Does Railway Labor Act apply to airline employees?
Congress extended the RLA to cover airline employees in 1936.
Who is covered under the Railway Labor Act?
A federal law enacted by Congress to regulate labor relations for private sector rail and air carriers and certain enterprises owned or under the control of those carriers (45 U.S.C. §§ 151-164 and 45 U.S.C. §§ 181-188).
Why is the airline industry subject to the Railway Labor Act?
The purposes of the RLA are to avoid any interruption of interstate commerce by providing for the prompt disposition of disputes between carriers and their employees and to protect the right of employees to organize and bargain collectively.
Do airline flight attendants have collective bargaining rights under the Railway Labor Act?
Although they reside in California, they perform most of their work in airspace outside of California’s jurisdiction. The employees are not paid according to California wage law, but pursuant to the terms of a collective bargaining agreement entered into under federal labor law.
Which piece of labor legislation applies specifically to airline workers today?
the federal Railway Labor Act
But airlines are also subject to the federal Railway Labor Act, which governs railroad and airline workers.
Can airline workers strike?
By law, airline employees can’t go on strike immediately. They would need a release to do so from the National Mediation Board, a federal agency that referees labor disputes for airlines and railroad companies.
Are the six employees covered by the NLRA?
Which employees are protected under the NLRA? Most employees in the private sector are covered under the NLRA. The law does not cover government employees, agricultural laborers, independent contractors, and supervisors (with limited exceptions).
Who isn’t covered by NLRA?
Excluded from coverage under the Act are public-sector employees (employees of state, federal and local governments and their sub-divisions), agricultural and domestic workers, independent contractors, workers employed by a parent or spouse, employees of air and rail carriers covered by the Railway Labor Act, and …
Can railroad employees go on strike?
When the railroad has no argument at all that its action is permitted by agreement or practice, the union can strike until the carrier discontinues the action, or it can go to court to get an injunction against the railroad’s action, because that would be a “major” dispute.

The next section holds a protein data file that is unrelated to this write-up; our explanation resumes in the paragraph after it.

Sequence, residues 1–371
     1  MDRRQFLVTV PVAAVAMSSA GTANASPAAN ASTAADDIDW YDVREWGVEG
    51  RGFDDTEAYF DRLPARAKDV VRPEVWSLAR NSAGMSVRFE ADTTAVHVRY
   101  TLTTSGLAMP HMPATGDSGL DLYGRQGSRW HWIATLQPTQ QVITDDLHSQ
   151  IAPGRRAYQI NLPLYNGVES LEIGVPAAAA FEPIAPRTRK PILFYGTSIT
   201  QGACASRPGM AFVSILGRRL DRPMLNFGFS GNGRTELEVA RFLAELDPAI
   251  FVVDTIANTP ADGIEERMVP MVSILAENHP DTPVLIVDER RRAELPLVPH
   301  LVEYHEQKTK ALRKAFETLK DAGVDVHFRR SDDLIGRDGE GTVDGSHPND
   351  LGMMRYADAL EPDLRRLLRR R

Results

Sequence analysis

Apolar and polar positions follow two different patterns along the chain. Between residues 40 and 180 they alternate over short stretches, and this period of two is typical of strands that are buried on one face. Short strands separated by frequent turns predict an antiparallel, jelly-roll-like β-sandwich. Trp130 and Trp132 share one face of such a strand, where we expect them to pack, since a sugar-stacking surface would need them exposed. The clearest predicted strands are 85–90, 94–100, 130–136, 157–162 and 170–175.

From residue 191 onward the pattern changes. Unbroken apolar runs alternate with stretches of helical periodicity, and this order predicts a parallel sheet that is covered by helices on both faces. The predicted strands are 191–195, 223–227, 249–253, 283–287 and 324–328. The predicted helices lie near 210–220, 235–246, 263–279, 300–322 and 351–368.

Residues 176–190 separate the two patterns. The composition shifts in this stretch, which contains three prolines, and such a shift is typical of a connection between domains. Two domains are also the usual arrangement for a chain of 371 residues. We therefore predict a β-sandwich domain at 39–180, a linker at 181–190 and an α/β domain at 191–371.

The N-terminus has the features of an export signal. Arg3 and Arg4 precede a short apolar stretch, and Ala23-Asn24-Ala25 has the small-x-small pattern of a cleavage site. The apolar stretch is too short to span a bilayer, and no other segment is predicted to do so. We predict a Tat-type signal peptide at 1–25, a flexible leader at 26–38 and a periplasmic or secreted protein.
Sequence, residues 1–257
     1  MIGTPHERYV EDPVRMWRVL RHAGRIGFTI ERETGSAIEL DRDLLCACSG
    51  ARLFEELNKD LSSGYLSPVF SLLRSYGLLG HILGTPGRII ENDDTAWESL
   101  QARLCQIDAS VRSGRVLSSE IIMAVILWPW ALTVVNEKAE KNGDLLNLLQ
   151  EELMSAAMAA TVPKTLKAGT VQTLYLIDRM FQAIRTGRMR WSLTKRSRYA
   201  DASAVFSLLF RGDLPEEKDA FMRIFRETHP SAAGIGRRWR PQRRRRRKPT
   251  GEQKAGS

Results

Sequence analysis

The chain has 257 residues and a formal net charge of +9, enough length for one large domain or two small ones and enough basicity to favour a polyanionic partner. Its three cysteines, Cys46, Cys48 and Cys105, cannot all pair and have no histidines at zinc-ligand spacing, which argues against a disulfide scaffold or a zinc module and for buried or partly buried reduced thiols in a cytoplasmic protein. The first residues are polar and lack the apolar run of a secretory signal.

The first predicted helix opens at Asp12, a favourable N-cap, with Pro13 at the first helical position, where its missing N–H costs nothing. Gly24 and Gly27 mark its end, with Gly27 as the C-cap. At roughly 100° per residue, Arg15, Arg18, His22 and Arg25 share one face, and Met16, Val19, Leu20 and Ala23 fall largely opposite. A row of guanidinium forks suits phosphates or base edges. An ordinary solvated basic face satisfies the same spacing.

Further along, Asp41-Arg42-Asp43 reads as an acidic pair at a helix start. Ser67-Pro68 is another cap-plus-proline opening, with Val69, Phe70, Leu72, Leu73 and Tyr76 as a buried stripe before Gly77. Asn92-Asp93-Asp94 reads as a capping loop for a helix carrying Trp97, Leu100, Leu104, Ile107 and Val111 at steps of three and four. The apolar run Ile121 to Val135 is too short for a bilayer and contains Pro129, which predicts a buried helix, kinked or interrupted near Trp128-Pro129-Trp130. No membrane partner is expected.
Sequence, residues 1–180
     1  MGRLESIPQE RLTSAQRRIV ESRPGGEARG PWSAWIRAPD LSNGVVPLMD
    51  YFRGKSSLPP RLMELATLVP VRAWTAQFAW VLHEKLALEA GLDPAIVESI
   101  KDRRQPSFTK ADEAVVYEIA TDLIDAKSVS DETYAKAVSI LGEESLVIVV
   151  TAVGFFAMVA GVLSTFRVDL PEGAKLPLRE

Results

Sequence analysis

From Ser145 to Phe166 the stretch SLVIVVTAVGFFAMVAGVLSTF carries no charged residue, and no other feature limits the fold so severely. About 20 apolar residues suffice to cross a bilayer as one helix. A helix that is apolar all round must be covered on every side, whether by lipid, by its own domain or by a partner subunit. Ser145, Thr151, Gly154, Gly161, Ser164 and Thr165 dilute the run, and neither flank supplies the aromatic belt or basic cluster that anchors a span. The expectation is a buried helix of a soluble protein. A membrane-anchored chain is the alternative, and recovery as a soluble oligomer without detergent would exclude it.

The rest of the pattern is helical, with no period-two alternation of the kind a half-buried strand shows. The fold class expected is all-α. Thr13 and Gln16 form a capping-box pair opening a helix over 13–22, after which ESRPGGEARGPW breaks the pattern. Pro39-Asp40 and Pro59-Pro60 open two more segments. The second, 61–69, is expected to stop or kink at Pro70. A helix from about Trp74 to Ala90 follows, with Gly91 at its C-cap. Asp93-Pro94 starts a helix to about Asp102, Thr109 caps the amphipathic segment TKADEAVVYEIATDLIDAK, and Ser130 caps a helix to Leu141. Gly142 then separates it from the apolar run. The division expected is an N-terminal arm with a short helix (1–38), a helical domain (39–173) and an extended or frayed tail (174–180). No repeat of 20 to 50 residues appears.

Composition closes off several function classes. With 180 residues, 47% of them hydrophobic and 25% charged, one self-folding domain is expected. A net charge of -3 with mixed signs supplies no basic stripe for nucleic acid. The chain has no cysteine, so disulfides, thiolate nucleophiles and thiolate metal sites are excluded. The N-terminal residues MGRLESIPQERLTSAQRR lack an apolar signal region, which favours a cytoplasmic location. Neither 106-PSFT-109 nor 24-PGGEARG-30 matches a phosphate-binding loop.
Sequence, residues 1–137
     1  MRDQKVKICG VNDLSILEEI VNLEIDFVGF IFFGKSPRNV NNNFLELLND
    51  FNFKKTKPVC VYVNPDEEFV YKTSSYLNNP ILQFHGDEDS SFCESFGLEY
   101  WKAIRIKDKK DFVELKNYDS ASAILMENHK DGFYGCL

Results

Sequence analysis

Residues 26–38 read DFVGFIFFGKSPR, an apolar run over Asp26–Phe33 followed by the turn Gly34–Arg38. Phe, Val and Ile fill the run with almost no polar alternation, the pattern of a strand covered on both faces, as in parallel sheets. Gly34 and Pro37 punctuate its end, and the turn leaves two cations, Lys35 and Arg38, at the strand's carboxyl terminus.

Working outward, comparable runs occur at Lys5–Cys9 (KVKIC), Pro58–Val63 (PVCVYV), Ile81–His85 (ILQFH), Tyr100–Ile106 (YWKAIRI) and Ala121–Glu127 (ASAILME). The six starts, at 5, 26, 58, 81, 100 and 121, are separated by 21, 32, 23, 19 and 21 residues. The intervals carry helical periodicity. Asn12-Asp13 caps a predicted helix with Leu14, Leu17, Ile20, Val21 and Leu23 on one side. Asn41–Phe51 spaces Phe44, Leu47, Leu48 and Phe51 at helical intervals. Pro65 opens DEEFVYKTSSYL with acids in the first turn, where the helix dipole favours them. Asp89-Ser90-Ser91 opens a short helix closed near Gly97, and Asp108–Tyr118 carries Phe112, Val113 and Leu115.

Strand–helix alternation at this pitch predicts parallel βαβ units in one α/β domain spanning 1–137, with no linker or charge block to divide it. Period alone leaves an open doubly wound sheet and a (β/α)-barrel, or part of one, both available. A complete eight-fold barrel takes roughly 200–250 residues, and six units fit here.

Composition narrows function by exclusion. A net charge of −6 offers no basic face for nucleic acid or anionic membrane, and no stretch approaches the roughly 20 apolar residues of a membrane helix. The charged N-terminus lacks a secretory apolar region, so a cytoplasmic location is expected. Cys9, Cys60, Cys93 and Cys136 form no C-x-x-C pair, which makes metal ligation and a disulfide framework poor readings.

What is another name for the Wagner Act of 1935?
the National Labor Relations Act
In a Congress sympathetic to labor unions, the National Labor Relations Act (NLRA) was passed in July of 1935. The broad intention of the act, commonly known as the Wagner Act after Senator Robert R.
Do airlines pay overtime?
Working long hours often comes with the territory of being an airline worker, though, and federal law exempts airlines from overtime requirements.
What is the Railroad Labor Relations Act (RLA)?
It was amended in 1934, in 1936 when it was expanded to include airlines, in 1966, and, most recently, in 1981 when special bargaining dispute resolution procedures applicable to publicly owned and operated rail commuter carriers were added. The RLA is administered by the National Mediation Board (NMB), an independent Federal agency.
What is Section 6 of the Railway Labor Act?
The Railway Labor Act (RLA) is the federal statute governing collective bargaining, representation and grievance processing in the airline and railroad industries. Section 6 refers to the provision of the RLA obligating carriers and unions to provide timely notice of intended changes to rates of pay, rules and working conditions.
What is the National Labor Relations Board (NMB)?
The NMB is a federal agency created by the RLA to administer the Act and effectuate its purposes, including collective bargaining and representation disputes in the rail and air industries. The NMB mediates negotiations, assists with grievance resolution, and resolves representation disputes through employee elections.
What is the RLA and why is it important?
The RLA also provides mandatory dispute resolution procedures that preclude strikes over union representation and grievance disputes, and postpones the ability of either party to take action in bargaining disputes until it has completed the process outlined in the Act.